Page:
NIH Record - National Institutes of Health

NIEHS Science Education Office Focuses on Diversity, Equity

Dr. Suchandra Bhattacharjee
“We are grateful to NIEHS leadership, mentors, lab skills teaching partners, seminar speakers, administrative staff, security, technology and web teams, and communications. It took everyone working together to hold this fall connection,” said Dr. Suchandra Bhattacharjee.

Photo:  Steve McCaw

The National Institute of Environmental Health Sciences is unusual among NIH institutes and centers in having an Office of Science Education and Diversity (OSED). According to OSED director Dr. Ericka Reid, her office supports a diverse environmental health workforce as called for in the 2018-2023 NIEHS Strategic Plan. Activities include outreach, information sharing and providing access to opportunities. The office helps the institute achieve its strategic goal by connecting with elementary students through postgraduate trainees. 

To increase participation from groups underrepresented in the scientific workforce, NIEHS hosts local students each year in the NIEHS Scholars Connect Program (NSCP). College juniors and seniors, selected through a competitive process, conduct paid research at the institute and get an inside look at scientific careers. Recruiting focuses on historically black colleges and universities (HBCUs), as well as underrepresented groups at nearby universities, Reid explained. 

Normally, students—who work with a mentor and lead researcher—arrive in the summer for full-time laboratory research. During the academic year, they work part-time, culminating in presentations to the entire institute. Lab work is augmented by a series of seminars on leadership, emerging research areas, peer mentoring, articulating accomplishments and applying to graduate and medical schools. 

As with so much that happened in 2020, last year’s program was different.

Dr. Ericka Reid
Dr. Ericka Reid described teachers participating in NIEHS summer workshops as getting re-lit. “They say they forgot how much they love science.”

Photo:  Steve McCaw

NSCP coordinator and OSED Undergraduate Research Training Program manager Dr. Suchandra Bhattacharjee said that 2020’s program cycle began in fall, after a summer spent reworking the plan. “Launching NSCP in a virtual format meant treading in uncharted territory,” she said. “But we’ve had incredible support from leadership and mentors, and the scholars were enthusiastic, saying they would do it all over again. 

The fall connection wrapped up with a 3-minute talk competition in late November. The scholars competed by conveying in plain language their work and its impact on them, through short elevator-pitch style talks. This popular format fosters skill at effectively explaining research to a broad audience. Judges often include nonscientists at the institute. 

HBCU-Connect is a new OSED program targeting local HBCUs to build awareness of NIEHS and environmental health careers among freshmen and sophomores. “We can expand the pipeline by feeding into it sooner,” Reid explained. Students will be encouraged to learn more about NIEHS through information sessions, shadow researchers during spring break, and apply to the Summer Internship Program. “That way, they would already know about NSCP and be prepping for it,” she continued.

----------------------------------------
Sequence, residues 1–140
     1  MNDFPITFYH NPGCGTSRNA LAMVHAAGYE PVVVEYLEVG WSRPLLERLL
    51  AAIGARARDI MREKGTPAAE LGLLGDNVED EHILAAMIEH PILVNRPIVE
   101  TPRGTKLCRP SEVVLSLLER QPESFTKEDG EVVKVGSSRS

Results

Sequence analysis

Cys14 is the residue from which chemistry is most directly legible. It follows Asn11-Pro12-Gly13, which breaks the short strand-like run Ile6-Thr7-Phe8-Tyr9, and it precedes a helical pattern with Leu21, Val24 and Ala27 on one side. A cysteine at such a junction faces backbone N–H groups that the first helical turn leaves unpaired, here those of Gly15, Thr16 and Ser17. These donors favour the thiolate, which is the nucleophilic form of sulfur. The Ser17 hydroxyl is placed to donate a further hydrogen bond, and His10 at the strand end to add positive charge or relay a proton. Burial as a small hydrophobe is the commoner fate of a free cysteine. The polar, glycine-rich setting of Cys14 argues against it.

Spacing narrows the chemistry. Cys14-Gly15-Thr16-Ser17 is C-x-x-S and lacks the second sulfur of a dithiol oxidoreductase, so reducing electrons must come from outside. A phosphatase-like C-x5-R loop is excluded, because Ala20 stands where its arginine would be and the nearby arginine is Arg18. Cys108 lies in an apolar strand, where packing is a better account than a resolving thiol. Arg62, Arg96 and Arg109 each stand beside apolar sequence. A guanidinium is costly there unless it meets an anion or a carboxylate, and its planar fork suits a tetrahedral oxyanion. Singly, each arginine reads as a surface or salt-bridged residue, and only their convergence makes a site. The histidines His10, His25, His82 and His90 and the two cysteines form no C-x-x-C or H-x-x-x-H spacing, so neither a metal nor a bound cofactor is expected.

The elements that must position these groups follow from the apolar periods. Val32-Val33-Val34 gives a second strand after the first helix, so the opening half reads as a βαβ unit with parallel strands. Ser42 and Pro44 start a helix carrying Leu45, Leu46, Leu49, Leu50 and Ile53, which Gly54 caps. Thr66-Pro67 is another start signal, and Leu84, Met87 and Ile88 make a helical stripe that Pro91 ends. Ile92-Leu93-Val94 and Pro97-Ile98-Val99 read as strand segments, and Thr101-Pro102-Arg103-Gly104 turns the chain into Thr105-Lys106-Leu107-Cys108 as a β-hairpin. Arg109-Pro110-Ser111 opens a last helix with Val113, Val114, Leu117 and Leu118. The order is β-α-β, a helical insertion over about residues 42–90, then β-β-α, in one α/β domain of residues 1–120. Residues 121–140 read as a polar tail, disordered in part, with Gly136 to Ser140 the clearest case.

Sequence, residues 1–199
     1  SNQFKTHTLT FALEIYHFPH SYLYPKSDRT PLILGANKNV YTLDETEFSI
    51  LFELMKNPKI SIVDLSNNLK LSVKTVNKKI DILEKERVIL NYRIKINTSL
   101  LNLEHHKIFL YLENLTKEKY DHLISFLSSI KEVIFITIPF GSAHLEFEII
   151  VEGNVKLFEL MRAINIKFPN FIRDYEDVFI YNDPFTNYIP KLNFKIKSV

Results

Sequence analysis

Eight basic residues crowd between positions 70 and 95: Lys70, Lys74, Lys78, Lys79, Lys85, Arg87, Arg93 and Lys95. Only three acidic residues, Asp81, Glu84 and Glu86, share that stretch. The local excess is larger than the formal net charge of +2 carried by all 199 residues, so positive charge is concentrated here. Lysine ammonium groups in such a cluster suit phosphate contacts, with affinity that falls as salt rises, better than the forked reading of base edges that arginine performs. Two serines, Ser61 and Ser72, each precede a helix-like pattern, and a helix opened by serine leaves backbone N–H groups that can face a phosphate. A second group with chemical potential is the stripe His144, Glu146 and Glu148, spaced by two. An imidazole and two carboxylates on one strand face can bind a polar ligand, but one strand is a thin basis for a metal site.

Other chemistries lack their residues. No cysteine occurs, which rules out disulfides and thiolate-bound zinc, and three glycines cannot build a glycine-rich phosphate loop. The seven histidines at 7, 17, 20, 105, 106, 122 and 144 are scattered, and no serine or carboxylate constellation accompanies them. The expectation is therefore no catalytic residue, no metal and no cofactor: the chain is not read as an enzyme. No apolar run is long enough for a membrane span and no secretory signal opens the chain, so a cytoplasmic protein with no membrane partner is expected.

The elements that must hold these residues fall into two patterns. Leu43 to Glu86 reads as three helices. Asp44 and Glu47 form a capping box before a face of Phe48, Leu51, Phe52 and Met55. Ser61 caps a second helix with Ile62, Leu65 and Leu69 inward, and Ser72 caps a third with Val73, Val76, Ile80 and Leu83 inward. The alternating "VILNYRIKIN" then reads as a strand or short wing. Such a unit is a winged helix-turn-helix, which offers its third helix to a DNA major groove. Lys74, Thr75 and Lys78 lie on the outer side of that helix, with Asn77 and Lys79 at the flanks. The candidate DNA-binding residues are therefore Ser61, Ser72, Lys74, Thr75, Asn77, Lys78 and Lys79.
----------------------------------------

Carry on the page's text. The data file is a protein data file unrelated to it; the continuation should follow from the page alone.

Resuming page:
A computer image shows doctors in lab coats and other people walking along a path.
OSED helps the institute achieve its strategic goal by connecting with elementary students through postgraduate trainees.

Photo:  Credit NIEHS

Nearby North Carolina Central University (NCCU) is slated to be the first connection, launching in spring 2021. “We would have launched this fall, with tours by freshmen and sophomore students and faculty, and meetings with current scholars and postbacs,” Reid said, referring to postbaccalaureate fellows. 

To recognize the new relationship, NIEHS and National Toxicology Program director Dr. Rick Woychik spoke virtually with NCCU students in early November. He described environmental health concepts such as the microbiome, developmental periods at which a body is particularly susceptible to exposures, epigenetics and exposures to mixtures compared with single chemicals. By sharing research findings sponsored by NIEHS, he provided concrete examples of those concepts at work. 

Reid has long conducted outreach by attending the Society for Advancement of Chicanos/Hispanics and Native Americans in Science, the Annual Biomedical Research Conference for Minority Students, Society of Toxicology and other conferences. The first two groups register several thousand participants for their annual meetings, more than 900 of whom are students, according to Reid. She promotes environmental health, internships, fellowships and other opportunities at the institute. 

Other OSED initiatives include:

  • School partnerships, with visits to classrooms by NIEHS Speakers Bureau volunteers, teacher workshops and multiyear partnerships with specific schools, especially those with underserved populations. Dr. Huei-Chen Lee coordinates K-12 science education. 
  • The Diversity Speaker Series hosts talks by scientists and other professionals from underrepresented groups emphasized by the NIH Office of Equity, Diversity and Inclusion—women, sex and gender minorities, people with disabilities, African Americans, Hispanics, Native Americans and Asian and Pacific Islanders. 
  • Internal efforts include NIEHS intranet pages on equity, diversity and inclusion, as well as a blog on related topics.

The NIH Scientific Workforce Diversity Strategic Plan recognizes that diversity increases creativity and performance, supports innovation, is essential for reducing health disparities and achieves more equitable use of public funds.  

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